Patient Education—Food Safety • Discuss food handling, preparation, and storage, especially careful washing of fruits and vegetables. Spinach and sprouts have been contaminated in recent years; wash produce thoroughly. Discuss hand washing.

• Starches such as hot cereals and rice should not be prepared and held in large batches because of the risks of Bacillus cereus.

For More Information •

Food and Nutrition Information Center http://www.nal.usda.gov/fnic/pubs/bibs/gen/vegetarian.pdf

Hindu Food Practices http://monarch.gsu.edu/WebRoot$/multiculturalhealth/handouts/ Hindi/Hindi_food_pyramid.pdf.

Lacto-Ovo Vegetarian Cuisine http://www.nhlbi.nih.gov/health/public/heart/obesity/ lose_wt/lacto_ov.htm

North American Vegetarian Society http://www.navs-online.org/

Oldways Preservation and Trust http://www.oldwayspt.org/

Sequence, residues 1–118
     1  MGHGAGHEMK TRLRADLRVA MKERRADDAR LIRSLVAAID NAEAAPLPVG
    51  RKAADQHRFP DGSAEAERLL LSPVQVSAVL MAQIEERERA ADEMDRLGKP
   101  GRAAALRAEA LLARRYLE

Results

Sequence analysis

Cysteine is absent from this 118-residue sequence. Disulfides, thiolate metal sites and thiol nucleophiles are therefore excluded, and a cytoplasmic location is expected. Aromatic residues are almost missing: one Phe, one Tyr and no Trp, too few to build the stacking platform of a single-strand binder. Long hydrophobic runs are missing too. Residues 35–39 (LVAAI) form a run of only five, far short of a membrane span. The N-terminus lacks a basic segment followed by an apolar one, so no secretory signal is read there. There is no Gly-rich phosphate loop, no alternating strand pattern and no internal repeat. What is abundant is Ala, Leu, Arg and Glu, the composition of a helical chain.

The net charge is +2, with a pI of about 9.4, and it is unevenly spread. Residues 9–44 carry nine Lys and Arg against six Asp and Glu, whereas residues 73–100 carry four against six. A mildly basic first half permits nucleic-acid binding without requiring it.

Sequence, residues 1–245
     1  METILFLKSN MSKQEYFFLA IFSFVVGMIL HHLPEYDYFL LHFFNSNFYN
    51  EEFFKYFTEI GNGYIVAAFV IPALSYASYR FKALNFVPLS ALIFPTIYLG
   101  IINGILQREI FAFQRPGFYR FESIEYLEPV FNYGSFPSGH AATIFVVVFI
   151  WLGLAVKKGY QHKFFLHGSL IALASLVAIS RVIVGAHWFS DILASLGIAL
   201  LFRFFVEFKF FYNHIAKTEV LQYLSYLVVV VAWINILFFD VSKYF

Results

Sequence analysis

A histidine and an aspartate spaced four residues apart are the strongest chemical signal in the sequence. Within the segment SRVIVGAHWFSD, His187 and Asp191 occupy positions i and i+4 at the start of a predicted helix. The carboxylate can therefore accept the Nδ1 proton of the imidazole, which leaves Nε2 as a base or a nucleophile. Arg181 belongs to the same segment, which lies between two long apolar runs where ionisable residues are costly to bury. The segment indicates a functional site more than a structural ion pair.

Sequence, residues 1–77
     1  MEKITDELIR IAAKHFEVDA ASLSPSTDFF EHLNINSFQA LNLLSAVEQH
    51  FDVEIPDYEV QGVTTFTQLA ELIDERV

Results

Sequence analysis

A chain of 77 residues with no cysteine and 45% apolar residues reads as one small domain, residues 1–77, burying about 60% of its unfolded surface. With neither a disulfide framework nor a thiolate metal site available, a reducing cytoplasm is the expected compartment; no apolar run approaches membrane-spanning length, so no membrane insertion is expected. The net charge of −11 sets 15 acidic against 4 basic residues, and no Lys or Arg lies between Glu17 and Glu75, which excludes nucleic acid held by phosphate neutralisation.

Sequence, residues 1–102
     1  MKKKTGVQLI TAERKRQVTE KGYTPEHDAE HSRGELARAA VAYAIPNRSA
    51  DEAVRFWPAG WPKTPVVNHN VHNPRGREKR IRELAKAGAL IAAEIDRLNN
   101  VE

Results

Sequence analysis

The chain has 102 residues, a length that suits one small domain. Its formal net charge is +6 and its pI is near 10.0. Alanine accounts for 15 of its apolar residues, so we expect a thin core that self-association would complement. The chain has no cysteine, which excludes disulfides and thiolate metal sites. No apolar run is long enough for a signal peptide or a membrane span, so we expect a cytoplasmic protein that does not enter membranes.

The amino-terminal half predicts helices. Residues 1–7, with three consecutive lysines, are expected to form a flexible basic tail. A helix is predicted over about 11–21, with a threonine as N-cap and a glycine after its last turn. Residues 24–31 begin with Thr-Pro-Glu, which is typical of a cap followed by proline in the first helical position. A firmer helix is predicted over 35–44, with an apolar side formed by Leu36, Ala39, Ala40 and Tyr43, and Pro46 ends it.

Soy Connection http://www.soyconnection.com/newsletters/soy-connection/ health-nutrition/index.php

Seventh-Day Adventist Diet http://www.sdada.org/aboutsda.htm http://www.andrews.edu/NUFS/veggiediet.html

UCLA Vegetarian Nutrition http://apps.medsch.ucla.edu/nutrition/vegetarianism.htm

Vegetarian Cuisine and Recipes http://vegweb.com/

Vegetarian Diets for pregnancy http://my.clevelandclinic.org/healthy_living/pregnancy/ hic_nutrition_during_pregnancy_for_vegetarians.asp

Vegetarian Network (Victoria, Australia) http://www.vnv.org.au/

Vegetarian Recipes http://allrecipes.com/HowTo/Vegetarian-Cuisine/Detail.aspx

Vegetarian Resource Group http://www.vrg.org/

Vegetarian Recipes for Teens http://kidshealth.org/teen/recipes/

Vegetarian Society of the United Kingdom http://www.vegsoc.org/

World Guide to Vegetarianism http://www.veg.org/veg/